Laneway houseContemporary Dining Room, Melbourne
The first floor living dining and kitchen are flooded with natural light from the north facing windows, and high level roof clerestory window. Vertical strips of obscure glass provide privacy to the neighbours and beautiful dappled light inside.
Hydronic heating elements are concealed in the kickrails of the joinery.
Photographer: Carrie Chilton
What Houzz contributors are saying:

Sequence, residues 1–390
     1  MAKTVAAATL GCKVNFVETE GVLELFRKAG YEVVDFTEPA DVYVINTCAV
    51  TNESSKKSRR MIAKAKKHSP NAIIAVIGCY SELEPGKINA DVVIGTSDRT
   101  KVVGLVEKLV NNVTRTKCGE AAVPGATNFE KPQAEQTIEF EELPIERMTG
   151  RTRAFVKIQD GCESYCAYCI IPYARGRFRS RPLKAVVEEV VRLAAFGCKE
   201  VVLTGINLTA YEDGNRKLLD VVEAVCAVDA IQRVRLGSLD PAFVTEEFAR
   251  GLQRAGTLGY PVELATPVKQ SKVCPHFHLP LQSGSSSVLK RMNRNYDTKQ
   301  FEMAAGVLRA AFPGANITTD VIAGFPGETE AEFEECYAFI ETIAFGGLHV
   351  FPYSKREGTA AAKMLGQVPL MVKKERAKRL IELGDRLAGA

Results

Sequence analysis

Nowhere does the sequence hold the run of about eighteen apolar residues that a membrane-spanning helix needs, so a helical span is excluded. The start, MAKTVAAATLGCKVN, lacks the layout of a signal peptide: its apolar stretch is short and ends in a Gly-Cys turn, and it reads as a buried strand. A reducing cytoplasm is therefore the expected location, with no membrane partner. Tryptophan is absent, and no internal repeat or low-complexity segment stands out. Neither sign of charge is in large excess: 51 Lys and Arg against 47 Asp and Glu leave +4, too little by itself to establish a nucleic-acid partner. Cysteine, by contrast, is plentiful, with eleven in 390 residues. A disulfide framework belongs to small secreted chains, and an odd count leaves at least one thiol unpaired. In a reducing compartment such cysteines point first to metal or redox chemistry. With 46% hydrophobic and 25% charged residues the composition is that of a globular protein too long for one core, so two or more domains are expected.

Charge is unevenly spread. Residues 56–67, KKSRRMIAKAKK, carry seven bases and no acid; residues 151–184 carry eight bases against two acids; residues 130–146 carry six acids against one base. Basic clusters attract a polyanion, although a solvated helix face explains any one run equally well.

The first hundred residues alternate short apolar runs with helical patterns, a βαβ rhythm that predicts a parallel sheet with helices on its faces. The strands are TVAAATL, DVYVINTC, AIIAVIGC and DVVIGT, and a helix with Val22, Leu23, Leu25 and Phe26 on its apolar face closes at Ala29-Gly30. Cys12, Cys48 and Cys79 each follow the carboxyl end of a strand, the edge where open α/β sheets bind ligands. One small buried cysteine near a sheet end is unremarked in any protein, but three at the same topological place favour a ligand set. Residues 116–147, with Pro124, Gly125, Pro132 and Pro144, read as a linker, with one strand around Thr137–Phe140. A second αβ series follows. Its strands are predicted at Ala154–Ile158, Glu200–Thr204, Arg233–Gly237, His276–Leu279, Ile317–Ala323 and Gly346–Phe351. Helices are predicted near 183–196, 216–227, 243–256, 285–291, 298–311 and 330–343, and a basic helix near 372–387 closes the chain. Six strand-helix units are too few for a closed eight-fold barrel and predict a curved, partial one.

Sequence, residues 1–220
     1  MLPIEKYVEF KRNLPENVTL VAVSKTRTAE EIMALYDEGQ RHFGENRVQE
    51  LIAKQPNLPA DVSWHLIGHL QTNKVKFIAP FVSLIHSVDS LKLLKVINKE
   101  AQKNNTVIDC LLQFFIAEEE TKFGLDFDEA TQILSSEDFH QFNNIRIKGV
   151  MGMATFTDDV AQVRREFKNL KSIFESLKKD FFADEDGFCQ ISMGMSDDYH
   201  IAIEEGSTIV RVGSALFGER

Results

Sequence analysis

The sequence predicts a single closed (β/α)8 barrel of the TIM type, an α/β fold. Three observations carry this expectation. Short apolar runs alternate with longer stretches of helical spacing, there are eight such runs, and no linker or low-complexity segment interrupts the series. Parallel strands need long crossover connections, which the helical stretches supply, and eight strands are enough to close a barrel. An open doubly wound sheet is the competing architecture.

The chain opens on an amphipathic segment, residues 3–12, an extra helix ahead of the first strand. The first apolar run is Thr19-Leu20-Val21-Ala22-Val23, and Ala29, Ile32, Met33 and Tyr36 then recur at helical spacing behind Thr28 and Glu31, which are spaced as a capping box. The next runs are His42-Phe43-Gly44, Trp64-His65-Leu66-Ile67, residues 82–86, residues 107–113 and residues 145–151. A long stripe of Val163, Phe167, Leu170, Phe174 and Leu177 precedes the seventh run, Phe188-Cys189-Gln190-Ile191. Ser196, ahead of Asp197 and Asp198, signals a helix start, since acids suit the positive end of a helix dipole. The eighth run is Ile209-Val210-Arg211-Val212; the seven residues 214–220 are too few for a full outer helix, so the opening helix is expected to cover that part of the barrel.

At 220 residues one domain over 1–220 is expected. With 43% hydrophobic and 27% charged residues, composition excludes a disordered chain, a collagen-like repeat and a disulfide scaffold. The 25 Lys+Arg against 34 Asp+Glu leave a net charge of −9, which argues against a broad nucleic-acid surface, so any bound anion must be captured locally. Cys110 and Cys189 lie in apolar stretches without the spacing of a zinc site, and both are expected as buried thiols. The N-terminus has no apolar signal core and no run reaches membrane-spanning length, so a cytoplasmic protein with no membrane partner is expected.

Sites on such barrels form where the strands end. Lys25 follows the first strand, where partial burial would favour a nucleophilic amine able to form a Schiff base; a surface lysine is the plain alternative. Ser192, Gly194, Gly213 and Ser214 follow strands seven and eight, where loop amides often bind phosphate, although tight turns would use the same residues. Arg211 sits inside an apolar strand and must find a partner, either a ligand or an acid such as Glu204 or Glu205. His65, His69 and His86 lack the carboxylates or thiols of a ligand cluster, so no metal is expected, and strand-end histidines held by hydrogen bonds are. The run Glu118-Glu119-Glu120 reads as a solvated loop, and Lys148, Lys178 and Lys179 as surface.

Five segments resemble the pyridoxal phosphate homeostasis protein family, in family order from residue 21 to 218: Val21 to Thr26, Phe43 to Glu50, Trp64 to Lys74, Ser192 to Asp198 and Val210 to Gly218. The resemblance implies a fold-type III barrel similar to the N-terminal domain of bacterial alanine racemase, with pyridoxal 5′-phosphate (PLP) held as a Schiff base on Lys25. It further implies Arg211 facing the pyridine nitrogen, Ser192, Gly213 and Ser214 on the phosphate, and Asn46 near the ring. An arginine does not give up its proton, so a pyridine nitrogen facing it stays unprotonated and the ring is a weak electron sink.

Understand the issues“We come across this a lot,” Sam Cooper says. “People often ask for designs that will create too much heat and brightness. The causes include too much glass, especially in the roof, and no thought about providing shading.”“A lot of people want that inside/outside space – basically, a big wall of glass,” Daniel Rees agrees. “We’ve actually taken a lot of these out. It might look great in a picture, but is it useable? “To solve the problem,” he says, “we need to think about the orientation of the building and how much sun there is in relation to how much glass. A south-facing extension risks being hot all day. If it’s west-facing, it’ll get the sun in the evening; if it’s east-facing, it’ll get the sun in the morning.“It’s also about visual comfort,” he continues. “If you’re walking from the darker middle of the house into an extremely bright extension, you could get sun-blinded.”